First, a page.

Tick bites can occasionally transmit disease, such as ehrlichiosis and Lyme disease. To fight ticks successfully and prevent bites, alter your environment to discourage them from inhabiting the area. If you have pets, treat them with a repellent specially formulated for ticks. Ticks do not survive long without a host; they are ectoparasites. Preventing them from attaching to a host can help keep them out of your home. In addition to modifying your environment, cover your exposed skin and use a tick repellent when you go outdoors.
Things You'll Need
- Pet shampoo
- Long-sleeves shirt
- Permethrin repellent
- DEET repellent
Protect Your Environment
Remove firewood stacks, leaf piles, brush and other excess vegetation from your yard and the surrounding area to discourage ticks from inhabiting your yard.
Trim your grass every week and remove the cut grass promptly. Ticks prefer areas with tall grass.
Bathe any pets that go outside with a shampoo that contains an arcaricide pesticide. Only use a shampoo that is labeled for pets.
Treat the tick-infested areas of your yard with an arcaricide labeled for use over a wide area of grass. Some arcaricides are only labeled for perimeter treatment. Spray your yard with pesticide once in the early spring. Cover any areas where woods or areas of thicker vegetation border your yard. Avoid spraying gardens.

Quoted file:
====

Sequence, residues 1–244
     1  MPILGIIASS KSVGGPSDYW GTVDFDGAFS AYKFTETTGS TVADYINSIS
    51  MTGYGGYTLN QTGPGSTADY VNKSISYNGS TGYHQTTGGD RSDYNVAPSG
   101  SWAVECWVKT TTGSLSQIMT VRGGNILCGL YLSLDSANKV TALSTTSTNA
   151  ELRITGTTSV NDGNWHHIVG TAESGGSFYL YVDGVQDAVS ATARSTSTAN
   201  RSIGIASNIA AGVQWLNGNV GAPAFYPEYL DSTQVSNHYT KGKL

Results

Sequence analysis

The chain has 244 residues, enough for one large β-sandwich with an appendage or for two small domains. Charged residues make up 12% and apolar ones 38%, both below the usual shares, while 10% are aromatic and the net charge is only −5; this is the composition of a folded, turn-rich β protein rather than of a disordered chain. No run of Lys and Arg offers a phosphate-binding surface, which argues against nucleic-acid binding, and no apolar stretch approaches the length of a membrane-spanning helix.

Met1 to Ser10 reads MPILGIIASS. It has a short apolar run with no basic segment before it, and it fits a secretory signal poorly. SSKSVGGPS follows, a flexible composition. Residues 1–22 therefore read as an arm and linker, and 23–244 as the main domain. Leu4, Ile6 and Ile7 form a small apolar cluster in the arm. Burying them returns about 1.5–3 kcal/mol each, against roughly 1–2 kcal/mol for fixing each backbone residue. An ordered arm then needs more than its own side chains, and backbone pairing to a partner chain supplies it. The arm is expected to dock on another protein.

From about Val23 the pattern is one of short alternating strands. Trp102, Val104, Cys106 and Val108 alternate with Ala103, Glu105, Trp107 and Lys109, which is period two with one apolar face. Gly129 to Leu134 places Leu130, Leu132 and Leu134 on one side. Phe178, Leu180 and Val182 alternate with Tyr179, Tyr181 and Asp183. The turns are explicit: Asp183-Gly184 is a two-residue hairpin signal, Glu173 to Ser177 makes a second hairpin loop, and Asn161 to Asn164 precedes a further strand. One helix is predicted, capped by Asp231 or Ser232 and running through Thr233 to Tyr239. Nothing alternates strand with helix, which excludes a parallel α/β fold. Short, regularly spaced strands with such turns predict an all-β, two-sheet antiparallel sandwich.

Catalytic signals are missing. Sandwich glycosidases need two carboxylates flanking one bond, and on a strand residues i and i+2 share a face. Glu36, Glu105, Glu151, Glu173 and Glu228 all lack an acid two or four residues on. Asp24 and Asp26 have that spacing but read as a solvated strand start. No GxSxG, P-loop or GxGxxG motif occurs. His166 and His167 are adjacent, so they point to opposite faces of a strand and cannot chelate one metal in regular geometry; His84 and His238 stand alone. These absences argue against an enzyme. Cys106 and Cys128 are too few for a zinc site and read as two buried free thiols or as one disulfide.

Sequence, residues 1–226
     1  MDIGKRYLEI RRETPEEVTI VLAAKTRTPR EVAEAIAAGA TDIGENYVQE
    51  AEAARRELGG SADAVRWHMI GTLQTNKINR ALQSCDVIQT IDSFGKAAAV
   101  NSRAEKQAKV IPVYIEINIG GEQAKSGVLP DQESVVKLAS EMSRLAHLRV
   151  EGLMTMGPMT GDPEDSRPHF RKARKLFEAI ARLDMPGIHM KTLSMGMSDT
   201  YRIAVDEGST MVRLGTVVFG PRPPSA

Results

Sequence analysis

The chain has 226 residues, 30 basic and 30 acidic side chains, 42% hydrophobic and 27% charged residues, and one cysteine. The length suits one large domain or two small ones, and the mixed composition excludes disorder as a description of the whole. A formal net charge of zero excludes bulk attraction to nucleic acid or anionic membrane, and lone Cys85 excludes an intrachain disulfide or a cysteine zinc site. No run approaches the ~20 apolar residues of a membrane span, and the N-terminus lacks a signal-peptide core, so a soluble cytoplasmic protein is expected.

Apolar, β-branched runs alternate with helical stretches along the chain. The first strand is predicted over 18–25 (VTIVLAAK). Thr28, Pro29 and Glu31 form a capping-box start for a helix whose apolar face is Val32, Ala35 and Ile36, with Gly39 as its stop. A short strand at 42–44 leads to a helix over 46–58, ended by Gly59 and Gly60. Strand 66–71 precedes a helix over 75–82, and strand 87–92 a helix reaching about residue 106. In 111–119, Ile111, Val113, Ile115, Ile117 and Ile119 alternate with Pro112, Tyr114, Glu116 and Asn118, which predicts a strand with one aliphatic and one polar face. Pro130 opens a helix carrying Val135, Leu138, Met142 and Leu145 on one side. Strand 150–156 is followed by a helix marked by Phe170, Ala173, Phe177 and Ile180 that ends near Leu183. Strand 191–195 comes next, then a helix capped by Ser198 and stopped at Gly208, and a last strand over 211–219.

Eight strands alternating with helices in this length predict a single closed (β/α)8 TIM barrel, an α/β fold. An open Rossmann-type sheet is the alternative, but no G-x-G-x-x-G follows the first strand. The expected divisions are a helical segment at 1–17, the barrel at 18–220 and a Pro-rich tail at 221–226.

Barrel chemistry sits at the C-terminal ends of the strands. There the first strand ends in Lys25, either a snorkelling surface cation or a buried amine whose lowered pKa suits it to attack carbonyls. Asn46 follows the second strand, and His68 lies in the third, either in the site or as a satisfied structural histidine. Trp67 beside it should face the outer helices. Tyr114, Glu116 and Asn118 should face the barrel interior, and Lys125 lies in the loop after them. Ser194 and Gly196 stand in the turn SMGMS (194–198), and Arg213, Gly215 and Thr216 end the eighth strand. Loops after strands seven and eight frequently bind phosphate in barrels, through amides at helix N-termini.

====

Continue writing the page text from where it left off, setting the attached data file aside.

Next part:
Protect Your Clothing and Skin
Wear long pants when going outdoors and tuck the ends into your shoes, and wear a long-sleeved shirt. Select light-colored clothing so that you will see ticks on your clothes more readily.
Spray the outside of your clothing with a permethrin-based repellent. Do not allow this pesticide to touch your skin.
Spray a tick repellent that contains DEET on your exposed skin. Ensure that the repellent you select is safe for use on skin.
Tips & Warnings
- Check yourself and your pets thoroughly for ticks after spending time outdoors.
- Remove bird feeders and bird baths from your yard in the summer. Birds can transport ticks into the area.
- Discourage raccoons and other wildlife from carrying ticks to your yard by keeping your garbage lids on tightly.
- U.S. Army Medical Department; Tick-born Disease Prevention; Valerie Watts
- North Carolina State University; General Tick Biology and Control; Faith M. Oi, et al.; May, 1996
- Purdue University: Ticks
- University of Illinois Extension: Public Health and Safety Issues: Tick-borne Diseases
- Vermont Department of Health: Area-Wide Chemical Control of Ticks
- Photo Credit Getty Images/Getty Images News/Getty Images
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